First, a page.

My greatest takeaway from this course is the careful balance of curated, professional, and strategic communications content, and maintaining authenticity and personality. Learning about audience diversity and targeting, personal and corporate branding, and the importance of appropriate style and tone has made me realize just how much goes on behind the scenes of a good digital communications strategy. When so much has to be considered and analyzed, it is difficult to produce content that still feels accessible and personal, but the best brands do just that.
I’ve learned that when it comes to digital content, storytelling is everything. There is so much content out there that if what you have to say isn’t compelling and engaging, you don’t stand a chance. This is why storytelling is so important in digital content creation – no matter how far we’ve come from telling legends around a campfire, we still crave good stories.
Poetry and Humanness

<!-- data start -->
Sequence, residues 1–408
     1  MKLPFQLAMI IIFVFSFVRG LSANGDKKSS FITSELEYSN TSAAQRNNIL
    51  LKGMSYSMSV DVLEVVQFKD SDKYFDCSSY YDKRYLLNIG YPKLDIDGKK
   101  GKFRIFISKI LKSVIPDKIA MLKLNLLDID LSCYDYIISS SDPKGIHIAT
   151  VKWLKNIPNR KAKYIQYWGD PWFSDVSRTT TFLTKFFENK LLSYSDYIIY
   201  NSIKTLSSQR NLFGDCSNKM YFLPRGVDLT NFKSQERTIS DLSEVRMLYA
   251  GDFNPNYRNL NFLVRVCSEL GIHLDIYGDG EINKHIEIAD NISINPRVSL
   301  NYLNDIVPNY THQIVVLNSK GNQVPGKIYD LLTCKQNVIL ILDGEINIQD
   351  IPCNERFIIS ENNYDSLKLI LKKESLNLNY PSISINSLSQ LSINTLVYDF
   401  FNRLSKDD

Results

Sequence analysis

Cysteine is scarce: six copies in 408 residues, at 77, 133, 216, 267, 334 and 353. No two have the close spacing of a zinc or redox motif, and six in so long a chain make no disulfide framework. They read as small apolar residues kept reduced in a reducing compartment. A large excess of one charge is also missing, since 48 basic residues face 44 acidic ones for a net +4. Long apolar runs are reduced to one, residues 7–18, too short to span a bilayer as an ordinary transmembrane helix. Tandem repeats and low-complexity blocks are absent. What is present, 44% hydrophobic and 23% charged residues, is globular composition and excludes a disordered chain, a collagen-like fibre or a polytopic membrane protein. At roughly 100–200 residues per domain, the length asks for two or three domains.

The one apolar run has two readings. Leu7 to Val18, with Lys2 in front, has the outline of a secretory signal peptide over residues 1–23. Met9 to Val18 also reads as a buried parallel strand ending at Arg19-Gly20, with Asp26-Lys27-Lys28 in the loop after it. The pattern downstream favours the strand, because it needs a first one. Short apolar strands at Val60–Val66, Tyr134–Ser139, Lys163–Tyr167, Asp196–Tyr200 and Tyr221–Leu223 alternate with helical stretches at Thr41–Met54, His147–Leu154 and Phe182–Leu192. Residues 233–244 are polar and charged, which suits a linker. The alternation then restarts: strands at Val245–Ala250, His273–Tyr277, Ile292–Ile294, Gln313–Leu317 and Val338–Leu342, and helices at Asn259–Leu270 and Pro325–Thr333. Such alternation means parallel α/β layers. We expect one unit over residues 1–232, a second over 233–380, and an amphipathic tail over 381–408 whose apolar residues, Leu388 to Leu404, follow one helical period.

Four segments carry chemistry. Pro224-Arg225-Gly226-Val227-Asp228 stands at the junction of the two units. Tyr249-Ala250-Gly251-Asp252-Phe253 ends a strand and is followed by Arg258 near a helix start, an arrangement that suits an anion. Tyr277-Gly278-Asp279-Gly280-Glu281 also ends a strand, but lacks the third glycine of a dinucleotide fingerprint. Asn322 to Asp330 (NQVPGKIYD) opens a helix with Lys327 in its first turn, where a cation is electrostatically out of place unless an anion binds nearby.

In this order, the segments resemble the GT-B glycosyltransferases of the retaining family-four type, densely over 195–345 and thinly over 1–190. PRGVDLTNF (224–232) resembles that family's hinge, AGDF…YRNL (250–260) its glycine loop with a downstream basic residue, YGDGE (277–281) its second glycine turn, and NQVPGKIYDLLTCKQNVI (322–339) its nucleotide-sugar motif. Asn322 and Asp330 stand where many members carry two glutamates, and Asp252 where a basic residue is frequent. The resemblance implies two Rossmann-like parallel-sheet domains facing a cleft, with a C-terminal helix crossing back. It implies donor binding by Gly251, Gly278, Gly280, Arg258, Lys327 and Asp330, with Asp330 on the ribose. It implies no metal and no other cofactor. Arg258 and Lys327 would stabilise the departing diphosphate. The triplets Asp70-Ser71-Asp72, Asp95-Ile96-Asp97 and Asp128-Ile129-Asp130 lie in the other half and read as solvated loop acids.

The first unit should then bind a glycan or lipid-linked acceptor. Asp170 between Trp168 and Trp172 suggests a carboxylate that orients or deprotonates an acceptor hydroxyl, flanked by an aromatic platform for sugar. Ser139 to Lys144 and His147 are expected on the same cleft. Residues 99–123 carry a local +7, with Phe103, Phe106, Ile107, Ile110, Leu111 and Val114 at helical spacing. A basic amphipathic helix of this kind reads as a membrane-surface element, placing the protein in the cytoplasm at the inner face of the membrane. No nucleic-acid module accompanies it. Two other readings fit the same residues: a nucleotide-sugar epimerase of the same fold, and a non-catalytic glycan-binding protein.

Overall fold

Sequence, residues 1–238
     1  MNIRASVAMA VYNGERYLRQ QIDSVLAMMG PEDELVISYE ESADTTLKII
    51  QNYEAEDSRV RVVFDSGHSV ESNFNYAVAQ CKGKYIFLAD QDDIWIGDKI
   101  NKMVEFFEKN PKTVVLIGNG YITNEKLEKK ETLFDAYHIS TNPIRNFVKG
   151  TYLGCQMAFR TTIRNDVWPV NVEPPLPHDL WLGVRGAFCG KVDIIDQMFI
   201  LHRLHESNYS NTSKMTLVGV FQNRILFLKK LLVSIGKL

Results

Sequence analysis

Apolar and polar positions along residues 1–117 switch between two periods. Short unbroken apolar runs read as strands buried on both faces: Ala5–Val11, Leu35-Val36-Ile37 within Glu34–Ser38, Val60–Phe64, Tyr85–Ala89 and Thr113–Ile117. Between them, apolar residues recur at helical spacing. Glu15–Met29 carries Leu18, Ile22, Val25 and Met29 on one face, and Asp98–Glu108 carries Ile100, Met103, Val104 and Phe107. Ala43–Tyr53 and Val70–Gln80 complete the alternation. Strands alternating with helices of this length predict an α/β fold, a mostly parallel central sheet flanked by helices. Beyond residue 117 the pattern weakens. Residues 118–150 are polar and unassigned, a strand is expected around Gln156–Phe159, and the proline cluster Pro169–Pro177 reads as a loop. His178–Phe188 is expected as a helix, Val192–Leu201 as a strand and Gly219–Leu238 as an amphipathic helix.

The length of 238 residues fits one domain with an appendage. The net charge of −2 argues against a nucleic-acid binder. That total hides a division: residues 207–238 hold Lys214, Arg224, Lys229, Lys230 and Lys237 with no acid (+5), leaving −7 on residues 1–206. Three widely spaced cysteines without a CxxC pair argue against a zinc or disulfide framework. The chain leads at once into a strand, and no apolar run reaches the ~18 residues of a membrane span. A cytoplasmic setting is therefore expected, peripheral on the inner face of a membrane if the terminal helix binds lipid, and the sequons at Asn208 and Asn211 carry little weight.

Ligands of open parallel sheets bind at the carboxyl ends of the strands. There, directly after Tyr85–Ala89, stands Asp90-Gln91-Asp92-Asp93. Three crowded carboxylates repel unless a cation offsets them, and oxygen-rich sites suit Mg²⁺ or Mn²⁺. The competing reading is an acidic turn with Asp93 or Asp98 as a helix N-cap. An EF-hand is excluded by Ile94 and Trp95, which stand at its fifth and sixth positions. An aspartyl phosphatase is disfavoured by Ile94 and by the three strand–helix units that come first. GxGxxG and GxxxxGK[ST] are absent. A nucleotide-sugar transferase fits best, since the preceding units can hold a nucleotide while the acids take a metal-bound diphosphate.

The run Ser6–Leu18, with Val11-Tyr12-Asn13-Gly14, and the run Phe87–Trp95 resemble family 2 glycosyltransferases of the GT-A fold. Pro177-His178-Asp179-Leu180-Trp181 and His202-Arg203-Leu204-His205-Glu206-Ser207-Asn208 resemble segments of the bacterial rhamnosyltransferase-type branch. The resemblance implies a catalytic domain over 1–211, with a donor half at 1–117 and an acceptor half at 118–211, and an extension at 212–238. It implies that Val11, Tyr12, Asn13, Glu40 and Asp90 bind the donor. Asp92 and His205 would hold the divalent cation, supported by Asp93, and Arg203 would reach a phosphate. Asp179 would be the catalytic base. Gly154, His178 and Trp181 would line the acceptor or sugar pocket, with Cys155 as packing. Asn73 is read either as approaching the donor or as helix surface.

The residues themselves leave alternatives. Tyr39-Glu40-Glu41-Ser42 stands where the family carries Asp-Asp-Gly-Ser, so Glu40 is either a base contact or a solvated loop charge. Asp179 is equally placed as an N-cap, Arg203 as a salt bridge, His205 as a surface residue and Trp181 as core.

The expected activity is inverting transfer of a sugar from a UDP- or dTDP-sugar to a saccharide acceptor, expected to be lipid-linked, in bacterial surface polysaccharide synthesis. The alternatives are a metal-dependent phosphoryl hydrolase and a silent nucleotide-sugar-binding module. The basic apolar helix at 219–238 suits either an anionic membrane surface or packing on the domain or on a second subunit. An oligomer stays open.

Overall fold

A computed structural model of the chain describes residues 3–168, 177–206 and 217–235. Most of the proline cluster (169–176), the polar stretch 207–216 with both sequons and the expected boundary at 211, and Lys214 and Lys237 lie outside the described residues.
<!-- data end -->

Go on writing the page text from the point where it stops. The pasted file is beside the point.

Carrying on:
I love poetry – I love writing it, and I love reading it, and the best poems out there are stories in and of themselves. I’m going to try to apply the same creative techniques I use when writing poetry to my digital content, meaning I want to tell meaningful and compelling stories about everything and anything, but mostly, about what it means to be human.
If you had asked me this question a couple of years ago, I would have had a list a mile long. I would have said I regret taking so long to complete my undergrad, that I regret not saving more money, that I regret not traveling more, not doing more. Today, I would say that I regret wasting the time I spent regretting the things I didn’t do. It’s a wicked cycle! Recently, in a quintessentially quarantine-motivated move, I re-watched the first Harry Potter movie, and the famous line from Dumbledore struck me, “it does not do to dwell on dreams and forget to live.” Looking back, I see that I dwelled on my past and decisions I had made because I didn’t know what I wanted or who I wanted to be. Now, I am coming to terms with the fact that most people will never know these things because they are ever-changing.